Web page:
Years later, I saw that my social isolation at Berkeley was the result of autism. I'm on the train today to see if Berkeley offers more of an opening for socially disabled students than I could find in my youth. I have some hope. Berkeley was an epicenter of disability rights advocacy in America. The Physically Disabled Students Program at Berkeley began during my first year there. Forty-five years later, I walk from the train to the office of that very Disabled Students Program, long since expanded to include non-physical disabilities like autism.

Courtesy of an open-door policy, I am quickly welcomed into a pleasantly day-lit office by the program's director, Paul Hippolitus. From Paul I learn that in the six years of his tenure in the job, the number of autistic students served by the Disabled Students' Program at Berkeley has increased from half a dozen to almost forty students. I am surprised and pleased by the numbers. Paul notes, "we're becoming increasingly well-known for students on the spectrum who are bright, ambitious and want a great education with a view towards a career." One such student was a young Vietnamese woman on the spectrum who was able to graduate with a degree in microbiology in two years, "which tells you about her ability to absorb and learn," Paul notes wryly. She went on to medical school.
The supports that enabled the microbiologist and others on the spectrum to thrive are largely funded by a contract with the State Department of Rehabilitation (DOR). Most of the autistic clients of the Disabled Students Program at Berkeley enter as DOR clients or are helped through the process of becoming one. This allows access to services like coaching in social, executive functioning, and related skills.
One coaching success story went like this: A student on the spectrum was unnerving people entering a campus cafeteria by opening the door there for everyone for hours on end. A coach meeting with the student asked, "what did you do today?"
The student answered, "well, I was at the cafeteria, and I opened the doors all day for people." "Why did you do that?"
"I was trying to meet people."
And so the coach said, "Well that's important to do, and we want you to meet people, but that doesn't work. Here's why ... and here's another way that does work."
The coach helped the student to join a club on campus, and that did work.
I learn from Paul Hippolitus that one of the main challenges faced by students on the autism spectrum is balancing the right to be who they authentically are with learning skills that allow them to function in a neurotypical world. These include skills like making eye contact, varying verbal intonation, using gestures, and so on. Learning some of these skills can be painfully difficult for autistic students, but at the same time, failing to learn at least some of the skills can lead to more painful social and employment outcomes. Balancing the effort to be accepted with the effort to meet others partway appears to be the key to success.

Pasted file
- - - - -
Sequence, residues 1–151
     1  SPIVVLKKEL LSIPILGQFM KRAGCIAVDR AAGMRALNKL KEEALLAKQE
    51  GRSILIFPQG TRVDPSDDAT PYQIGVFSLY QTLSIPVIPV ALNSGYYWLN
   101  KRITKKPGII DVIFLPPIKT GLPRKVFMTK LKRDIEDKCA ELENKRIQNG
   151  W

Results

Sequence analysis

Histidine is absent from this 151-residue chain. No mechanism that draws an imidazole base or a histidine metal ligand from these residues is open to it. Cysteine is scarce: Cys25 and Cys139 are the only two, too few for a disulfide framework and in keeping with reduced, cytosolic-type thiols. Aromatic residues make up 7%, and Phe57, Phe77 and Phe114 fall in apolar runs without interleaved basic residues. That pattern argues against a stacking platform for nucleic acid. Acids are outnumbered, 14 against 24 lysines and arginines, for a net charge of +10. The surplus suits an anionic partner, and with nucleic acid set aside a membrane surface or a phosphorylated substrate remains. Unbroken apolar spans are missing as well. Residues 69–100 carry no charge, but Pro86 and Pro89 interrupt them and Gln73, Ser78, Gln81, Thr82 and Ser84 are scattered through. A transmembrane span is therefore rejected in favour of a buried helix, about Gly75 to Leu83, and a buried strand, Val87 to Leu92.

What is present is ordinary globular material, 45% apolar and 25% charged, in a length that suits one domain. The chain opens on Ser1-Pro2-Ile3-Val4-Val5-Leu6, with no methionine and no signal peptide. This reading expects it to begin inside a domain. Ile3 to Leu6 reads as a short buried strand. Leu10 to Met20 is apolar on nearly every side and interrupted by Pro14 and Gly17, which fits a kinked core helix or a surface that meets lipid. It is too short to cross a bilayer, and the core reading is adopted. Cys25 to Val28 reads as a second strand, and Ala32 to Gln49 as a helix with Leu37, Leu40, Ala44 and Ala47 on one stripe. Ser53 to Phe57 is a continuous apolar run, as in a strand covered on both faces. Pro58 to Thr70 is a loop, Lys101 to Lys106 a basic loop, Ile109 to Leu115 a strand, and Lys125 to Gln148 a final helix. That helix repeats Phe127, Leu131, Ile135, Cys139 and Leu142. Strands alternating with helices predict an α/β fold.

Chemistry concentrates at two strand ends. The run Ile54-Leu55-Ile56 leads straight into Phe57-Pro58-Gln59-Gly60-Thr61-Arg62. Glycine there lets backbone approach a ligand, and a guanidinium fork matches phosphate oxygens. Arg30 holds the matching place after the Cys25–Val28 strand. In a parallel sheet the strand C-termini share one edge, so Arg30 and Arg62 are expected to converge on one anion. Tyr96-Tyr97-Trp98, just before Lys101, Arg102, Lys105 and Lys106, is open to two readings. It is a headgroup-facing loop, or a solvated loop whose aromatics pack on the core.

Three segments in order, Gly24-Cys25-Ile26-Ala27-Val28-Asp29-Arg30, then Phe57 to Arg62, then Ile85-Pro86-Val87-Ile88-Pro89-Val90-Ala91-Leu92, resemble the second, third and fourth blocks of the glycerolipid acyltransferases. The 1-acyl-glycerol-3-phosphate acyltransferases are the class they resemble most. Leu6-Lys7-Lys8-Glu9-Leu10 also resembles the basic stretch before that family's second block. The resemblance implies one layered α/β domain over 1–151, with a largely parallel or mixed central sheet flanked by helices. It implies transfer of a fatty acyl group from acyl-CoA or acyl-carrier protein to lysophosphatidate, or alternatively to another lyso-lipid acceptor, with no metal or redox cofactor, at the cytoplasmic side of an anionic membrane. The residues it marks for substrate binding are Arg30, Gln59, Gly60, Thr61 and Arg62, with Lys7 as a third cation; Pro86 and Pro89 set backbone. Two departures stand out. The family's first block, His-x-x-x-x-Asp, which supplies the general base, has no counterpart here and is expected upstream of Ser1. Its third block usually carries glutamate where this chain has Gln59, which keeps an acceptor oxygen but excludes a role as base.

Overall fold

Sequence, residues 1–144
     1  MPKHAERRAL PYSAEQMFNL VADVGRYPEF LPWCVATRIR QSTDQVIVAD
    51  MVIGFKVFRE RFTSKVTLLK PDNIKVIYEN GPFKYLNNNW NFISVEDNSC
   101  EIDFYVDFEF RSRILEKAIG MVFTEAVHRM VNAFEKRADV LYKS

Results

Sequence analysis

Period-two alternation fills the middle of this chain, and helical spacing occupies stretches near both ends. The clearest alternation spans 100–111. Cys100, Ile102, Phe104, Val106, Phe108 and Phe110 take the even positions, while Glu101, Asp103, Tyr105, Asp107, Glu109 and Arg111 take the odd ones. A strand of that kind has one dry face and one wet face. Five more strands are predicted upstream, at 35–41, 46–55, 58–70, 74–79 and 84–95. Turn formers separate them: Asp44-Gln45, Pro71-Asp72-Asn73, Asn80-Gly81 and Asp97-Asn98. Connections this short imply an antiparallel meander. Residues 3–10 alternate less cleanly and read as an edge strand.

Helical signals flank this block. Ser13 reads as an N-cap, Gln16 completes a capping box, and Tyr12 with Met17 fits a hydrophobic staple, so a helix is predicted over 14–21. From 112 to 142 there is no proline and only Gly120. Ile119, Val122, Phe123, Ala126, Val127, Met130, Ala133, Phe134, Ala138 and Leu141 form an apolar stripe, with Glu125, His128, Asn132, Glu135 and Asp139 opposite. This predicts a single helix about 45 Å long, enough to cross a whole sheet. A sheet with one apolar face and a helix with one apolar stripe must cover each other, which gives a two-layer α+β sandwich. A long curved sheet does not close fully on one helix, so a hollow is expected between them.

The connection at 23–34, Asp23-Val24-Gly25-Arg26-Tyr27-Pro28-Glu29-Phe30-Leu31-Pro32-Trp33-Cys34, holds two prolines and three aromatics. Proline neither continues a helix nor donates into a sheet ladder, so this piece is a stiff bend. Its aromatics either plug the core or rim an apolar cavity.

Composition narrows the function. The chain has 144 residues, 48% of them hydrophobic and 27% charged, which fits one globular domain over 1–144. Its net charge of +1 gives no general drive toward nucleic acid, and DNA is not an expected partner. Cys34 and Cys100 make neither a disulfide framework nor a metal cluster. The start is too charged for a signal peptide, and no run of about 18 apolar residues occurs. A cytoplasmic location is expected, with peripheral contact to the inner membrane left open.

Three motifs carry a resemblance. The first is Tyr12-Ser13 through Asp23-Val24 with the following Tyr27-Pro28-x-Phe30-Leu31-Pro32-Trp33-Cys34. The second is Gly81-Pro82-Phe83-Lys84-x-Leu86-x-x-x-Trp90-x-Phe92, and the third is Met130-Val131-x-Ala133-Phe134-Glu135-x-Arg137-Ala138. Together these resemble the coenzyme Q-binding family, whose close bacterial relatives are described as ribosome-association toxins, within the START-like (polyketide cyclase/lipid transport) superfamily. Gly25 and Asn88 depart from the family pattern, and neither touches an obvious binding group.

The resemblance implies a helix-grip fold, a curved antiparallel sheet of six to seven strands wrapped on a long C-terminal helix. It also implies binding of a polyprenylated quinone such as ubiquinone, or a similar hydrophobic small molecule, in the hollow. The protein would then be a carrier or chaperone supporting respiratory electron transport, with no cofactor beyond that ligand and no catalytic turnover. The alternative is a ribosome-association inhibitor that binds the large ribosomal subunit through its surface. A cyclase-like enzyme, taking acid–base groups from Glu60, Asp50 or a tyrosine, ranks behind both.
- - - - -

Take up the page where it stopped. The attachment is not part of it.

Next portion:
On the topic of social isolation, I am told that at UC Berkeley students must self-identify as autistic in order to avail themselves of services, and those services are also contingent on becoming a DOR client. Once through that door, however, social events for students on the autism spectrum are offered.
My efforts over the following days to contact autistic students themselves proved to be unsuccessful, presumably due to a combination of their busyness, concern about privacy despite assurances, and the professional requirement of program staff to protect that privacy. Nevertheless, as the hills and parking lots fly past me on the train ride home, I see that autism has come a long way in the decades since my days at Cal. I can see that were I a student at Berkeley today, I would probably at least notice the possibility that my social difficulties had something to do with autism, and that would have saved me years of confusion. I look forward to meeting the chary autistic students and comparing experiences with them, but that meeting will have to wait for another day. In the meantime, I'd say things are looking up.
Pioneers in Adult Autism
Soon after receiving a professional diagnosis of Asperger's Syndrome in 1994, Adam Pollack hunted for an existing Asperger's support-and-social group in the San Francisco area and found none. Undaunted, he started one himself - and the AUTASTICS was born. A few years later Adam gave the name an acronym that describes the group well: Autistics United Together And Showing They Indeed Can Succeed. Adam has now guided the group for 21 years. When the AUTASTICS began most Americans had never heard of autism and those who had usually thought that only children could be autistic. Public perception of autism has changed radically in the decades since. As the oldest adult autism support group of its kind in America, AUTASTICS has been an important part of that change.

Adam (center) and the AUTASTICS on a hike
AUTASTICS members range in age from 18 to over 70 years old and have conditions including autism, Asperger's Syndrome, Non Verbal learning Disorder and related conditions. AUTASTICS meets 7 or 8 months of the year in a large room generously lent for off-hours use by the Seton Medical Center in Daly City south of San Francisco. Natural light and a sweeping view to the North enter through windows along one wall of the room as members gather around a big table holding refreshments. There are no fees to participate in meetings, though donations to cover expenses are welcome. Every third month or so, the group meets in the San Jose's Municipal Rose Garden in the heart of Silicon Valley fifty miles south of San Francisco.

Attendance at AUTASTICS meetings varies greatly from month to month. Usually the number of participants is between 5 and 20. In Adam's words, the group "tends to be very mutually respectful, non-judgmental, tolerant and accommodating." Participants socialize, talk about challenges and successes in daily life, and generally enjoy the refreshing experience of being with others on the autism spectrum. Two recurring topics of conversation are strategies to find jobs and suitable housing.